The 1966 redistribution had demonstrated flaws in the electoral zones in use since 1949.
Outer metropolitan Sydney was beginning to overflow beyond the defined boundaries of the Sydney Zone. If there was a justification for a Country Zone with a lower enrolment quota, it was being undermined by the zone including increasingly urban seats on the edge of Sydney. As had occurred with Casino in the previous redistribution, rapid population growth on Sydney’s periphery was leading to the abolition of rural districts far from the city.
The triennial Legislative Council election in 1967, together with the Askin Government’s second victory in 1968, had substantially weakened the Labor Party’s ability to block legislation in the Legislative Council. In March 1969, the Government introduced amendments to the Parliamentary Electorates and Elections Act. These were the most fundamental changes to the Act since Labor’s 1949 amendments.
Amongst the changes, the number of seats in the Legislative Assembly was increased from 94 to 96. On the grounds that redistributions had been conducted too frequently in the past, the new Act specified there was to be an interval of six years between redistributions. The permitted variation from quota was reduced from 20% to 15% and new provisions were inserted to require the Electoral Districts Commissioners to take account of the distance from the seat of government, the density of the population and demographic trends. The first two of these criteria clearly permitted the Commissioners to draw smaller seats in the outlying rural parts of the State.
More importantly, the new Act re-drew the zone boundaries. The Country Zone was reduced from 46 to 33 seats, but at the same time the average enrolment was reduced from 21 698 at the 1968 election to 20 225 in 1971. The new lower quota resulted in two new seats being created in the country. The 48 seat Sydney Zone was abolished, replaced by a 63 seat Central Zone that now included the lower Hunter, Central Coast, Illawarra as well as an expanded Sydney metropolitan area. Enrolment in the Central Zone at the 1971 election was 29 039, an increase from 28 310 in the Sydney Zone in 1968. The critical change was the expansion of the Central Zone. Fifteen seats previously in the low quota Country Zone were transferred to the high quota Central Zone. Ten of these 15 seats were held by Labor, but in the Central Zone, these 15 seats became 11. This abolished seats north and south of Sydney where Labor was strong while allowing new seats to be created in Sydney, especially on the urban fringe.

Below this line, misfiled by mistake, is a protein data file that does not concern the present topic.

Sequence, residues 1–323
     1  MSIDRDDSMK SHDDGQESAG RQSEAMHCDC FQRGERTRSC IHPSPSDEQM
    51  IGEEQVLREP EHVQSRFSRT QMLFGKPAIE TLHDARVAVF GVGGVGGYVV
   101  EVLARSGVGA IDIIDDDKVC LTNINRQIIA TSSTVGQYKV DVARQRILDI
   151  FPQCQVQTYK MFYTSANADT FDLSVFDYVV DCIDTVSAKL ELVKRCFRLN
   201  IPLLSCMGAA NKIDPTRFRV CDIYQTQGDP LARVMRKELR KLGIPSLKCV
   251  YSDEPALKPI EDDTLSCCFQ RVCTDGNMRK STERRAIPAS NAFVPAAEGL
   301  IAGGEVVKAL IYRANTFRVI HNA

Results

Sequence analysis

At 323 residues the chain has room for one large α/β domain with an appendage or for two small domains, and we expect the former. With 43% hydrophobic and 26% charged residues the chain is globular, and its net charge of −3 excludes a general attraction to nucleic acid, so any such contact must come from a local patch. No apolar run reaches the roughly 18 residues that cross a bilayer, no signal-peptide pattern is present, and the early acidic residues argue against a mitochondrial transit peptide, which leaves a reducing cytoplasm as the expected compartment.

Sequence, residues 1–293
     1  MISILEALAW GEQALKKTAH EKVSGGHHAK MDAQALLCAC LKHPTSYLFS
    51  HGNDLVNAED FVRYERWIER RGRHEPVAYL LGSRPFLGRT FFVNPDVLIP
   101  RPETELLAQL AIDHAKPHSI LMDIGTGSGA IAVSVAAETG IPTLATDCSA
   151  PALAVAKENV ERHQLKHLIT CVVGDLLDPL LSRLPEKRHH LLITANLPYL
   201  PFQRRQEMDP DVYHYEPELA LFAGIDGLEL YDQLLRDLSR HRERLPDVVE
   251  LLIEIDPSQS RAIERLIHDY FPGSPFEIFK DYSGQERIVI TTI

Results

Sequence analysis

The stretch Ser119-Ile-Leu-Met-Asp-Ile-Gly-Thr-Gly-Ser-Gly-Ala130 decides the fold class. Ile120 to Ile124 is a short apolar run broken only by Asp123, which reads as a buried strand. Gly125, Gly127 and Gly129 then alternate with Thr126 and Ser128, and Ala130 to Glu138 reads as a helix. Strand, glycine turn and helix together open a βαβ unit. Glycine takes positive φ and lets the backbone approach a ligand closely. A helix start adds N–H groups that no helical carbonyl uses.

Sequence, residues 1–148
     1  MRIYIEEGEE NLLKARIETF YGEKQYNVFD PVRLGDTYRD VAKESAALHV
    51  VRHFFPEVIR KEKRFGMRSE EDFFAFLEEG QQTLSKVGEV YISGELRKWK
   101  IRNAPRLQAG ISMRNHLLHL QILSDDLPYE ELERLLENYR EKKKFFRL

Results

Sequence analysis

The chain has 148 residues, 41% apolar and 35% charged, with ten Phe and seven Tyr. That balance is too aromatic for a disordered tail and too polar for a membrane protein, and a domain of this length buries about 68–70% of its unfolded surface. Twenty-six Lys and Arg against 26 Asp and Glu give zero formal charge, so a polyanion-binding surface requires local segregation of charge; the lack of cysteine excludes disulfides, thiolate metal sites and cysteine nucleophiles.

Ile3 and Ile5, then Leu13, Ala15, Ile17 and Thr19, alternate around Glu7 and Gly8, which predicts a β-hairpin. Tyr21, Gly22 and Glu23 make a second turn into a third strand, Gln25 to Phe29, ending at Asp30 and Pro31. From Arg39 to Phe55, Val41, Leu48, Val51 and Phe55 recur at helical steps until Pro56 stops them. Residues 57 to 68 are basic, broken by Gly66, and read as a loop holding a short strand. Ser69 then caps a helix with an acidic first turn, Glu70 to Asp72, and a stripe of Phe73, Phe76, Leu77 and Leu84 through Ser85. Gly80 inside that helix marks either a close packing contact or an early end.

The final details of the redistribution triggered by the new legislation were released in April 1970. The Country Zone saw the re-creation of Casino and Sturt, both abolished by the previous redistribution. However, Sturt was now a safe Coalition seat in the State’s south. The Coalition had successfully convinced the Electoral Districts Commission to retain Labor-voting Broken Hill in a single seat. The new Central Zone quota resulted in the Hunter seats of Hamilton and Kahibah being replaced by the single seat of Charlestown. A new safe Liberal seat of Davidson was created on Sydney’s North Shore, the new Labor seat of Mt Druitt merely compensating Labor for the abolition of inner-city Randwick.
The new arrangements favoured the Government. A vote in the Country where the Coalition held the great majority of seats was worth two-thirds of one in the Central area. New seats had been created in Coalition voting rural areas, while seats had been abolished in Labor’s stronghold of Newcastle. Colin Hughes’ work mentioned earlier estimated that the pro-Coalition bias in the State’s electoral boundaries increased from 2% at the 1968 poll to 6% in 1971.
The Government appeared to be in trouble in the lead up to the 1971 election. A by-election in Georges River in Sydney’s south in September 1970 saw the Liberal Party loose the seat with a swing of 11% against it. Commonwealth-State financial relations were a major source of conflict. If Askin was expecting a sympathetic attitude from Prime Minister John Gorton as a fellow Liberal he was quickly disillusioned. The Commonwealth’s parsimony forced Askin to run a significant deficit and raise taxes and charges. Cost of living increases became a major issue in the campaign. Education was a difficult area for Askin, with the Teachers’ Federation campaigning unremittingly against the Government. The popularity of the Federal ALP under Gough Whitlam benefited the State Opposition.
When the election was eventually held in February 1971, the Government suffered significant reverses. On the edge of Sydney the Liberal Party lost Gosford, Nepean, Campbelltown and Wollongong, the party suffering significant swings in many outer suburban seats. More surprisingly, the Country Party lost two seats, Burrendong to its former Labor MP Leo Nott, and Casino to Labor’s Don Day. Having gone to such effort to have Casino re-created, divisions in local Country Party branches delivered victory to the popular Day, anger at the lack of access for local dairy farmers to the Sydney milk market also playing into Labor’s hands. Labor won 51% of the two-party preferred vote. The Coalition’s victory was due in large part to the new electoral boundaries. The Government was returned with a small but workable majority, 49 of the 96 seats, assisted by the presence of two pro-Government Independents. AG